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Should The Federal Reserve Intervene Every Time The Stock Market Takes A Plunge?

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1. For the most part, the Federal Reserve's main concern is first and foremost inflation, and secondarily unemployment. Given these two goals, should the Federal Reserve intervene every time the stock market takes a plunge?

Let us first examine what happens when stock market takes a plunge and how the central banks can respond to that.

Injection of money:

As a result of stock market plunge and liquidity crisis the system may get jammed, credit will become scarcer, market interest rate will rise and consequentially the economy will get jammed too. So the central banks can keep the financial system working smoothly by ensuring that the banking system has enough liquidity.

On the other hand pumping in too much money can entail in moral hazard,; if banks think that central banks will bail them out come what may, they will be more inclined to lend recklessly, i.e., encouraging the root cause of reckless subprime lending.

Setting interest rates:

Central banks' second function is macroeconomic stabilization, setting interest rates in check without causing the economy to stop and start. Since a credit squeeze raises market interest rates it will slow the economy down.

On the other hand if a central bank cut the interest rate too drastically it may push up inflation or cause the expectation of future inflation to rise. The medium term goal of price stability might be put at risk.

In seeking to resolve these dilemmas it is important to keep these two tasks distinct since liquidity crisis is short term emergencies and macroeconomic stability is a medium term goal. But to maintain this distinction is also difficult as locked credit market soon has wider economic effects.

Against the central banks taking actions while the stock market goes for a plunge it can be said that it would result in undermining of the efficient pricing of risk by providing insurance after the event for risky behavior and that in turn encourages excessive risk taking and sows the seeds of a future financial crisis.

Hence it is not that every time the stock market plunges the central banks has to swing into action. In resonance with Mervyn King, Governor, Bank of England we can say that Liquidity should be provided only if withholding it would be so costly to the economy that the moral hazard could be ignored.

2. Most economists believe that a permanent increase in the money supply will generate inflation and make the prices of everyday goods and services higher than they are today. Is this scenario likely given the large reserve injections in the U.S. and world money markets? Why or why not?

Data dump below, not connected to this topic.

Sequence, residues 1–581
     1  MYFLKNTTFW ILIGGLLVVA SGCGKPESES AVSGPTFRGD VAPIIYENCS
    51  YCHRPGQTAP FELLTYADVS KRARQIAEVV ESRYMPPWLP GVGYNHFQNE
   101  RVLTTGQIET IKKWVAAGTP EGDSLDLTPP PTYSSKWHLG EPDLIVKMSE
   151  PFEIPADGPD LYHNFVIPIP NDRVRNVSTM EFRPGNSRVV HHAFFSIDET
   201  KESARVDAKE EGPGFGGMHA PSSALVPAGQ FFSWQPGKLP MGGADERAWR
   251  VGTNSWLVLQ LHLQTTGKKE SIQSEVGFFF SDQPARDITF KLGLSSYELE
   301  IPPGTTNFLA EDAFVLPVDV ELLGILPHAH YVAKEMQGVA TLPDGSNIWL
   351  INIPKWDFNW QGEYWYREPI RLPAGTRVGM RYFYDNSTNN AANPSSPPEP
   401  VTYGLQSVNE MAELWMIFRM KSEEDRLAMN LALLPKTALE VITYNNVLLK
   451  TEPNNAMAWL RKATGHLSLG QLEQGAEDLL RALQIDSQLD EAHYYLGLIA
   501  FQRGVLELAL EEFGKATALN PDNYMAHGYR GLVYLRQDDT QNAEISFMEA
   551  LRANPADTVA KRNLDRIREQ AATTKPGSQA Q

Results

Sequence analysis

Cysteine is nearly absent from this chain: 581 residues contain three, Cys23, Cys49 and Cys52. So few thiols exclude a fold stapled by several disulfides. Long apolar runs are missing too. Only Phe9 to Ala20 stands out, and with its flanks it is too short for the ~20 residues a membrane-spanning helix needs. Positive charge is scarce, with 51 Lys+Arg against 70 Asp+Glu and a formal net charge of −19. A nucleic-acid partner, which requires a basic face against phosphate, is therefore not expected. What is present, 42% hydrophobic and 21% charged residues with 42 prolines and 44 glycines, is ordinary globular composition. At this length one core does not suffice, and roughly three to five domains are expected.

Getting inflation under control was a truly great achievement of the central banks. Technology and financial innovation have played their role in this great moderation but central banks can also share in the credit for smoothing the cycle since they helped squeeze inflation out of the system. But these hard fought lessons in monetary policy can soon be forgotten in a slowing economy as in the present scenario. In the short run loosening policy too much after this summer's turmoil could send inflation expectation back up and once lost, credibility is hard to regain. So a permanent increase in the money supply would always have a risk of inviting inflation attached to it.

New Keynesian economists fully agree with New Classical economists that in the long run, changes in the money supply are neutral. That is, neither a permanent increase in the money supply, nor a permanent increase in the inflation rate, can move unemployment permanently away from its natural rate. However, because prices are sticky in the New Keynesian model, an increase in the money supply (or equivalently, a decrease in the interest rate) does increase output and lower unemployment in the short run.

Nonetheless, it is not advisable using expansive monetary policy just for short run gains in output and employment, because doing so would only raise inflationary expectations and thus store up problems for the future. Instead, using monetary policy for stabilization should be the objective. That is, suddenly increasing the money supply just to produce a temporary economic boom is a bad idea (because eliminating the increased inflationary expectations will be impossible without producing a recession). But when the economy is hit by some unexpected external shock, it may be a good idea to offset the macroeconomic effects of the shock with monetary



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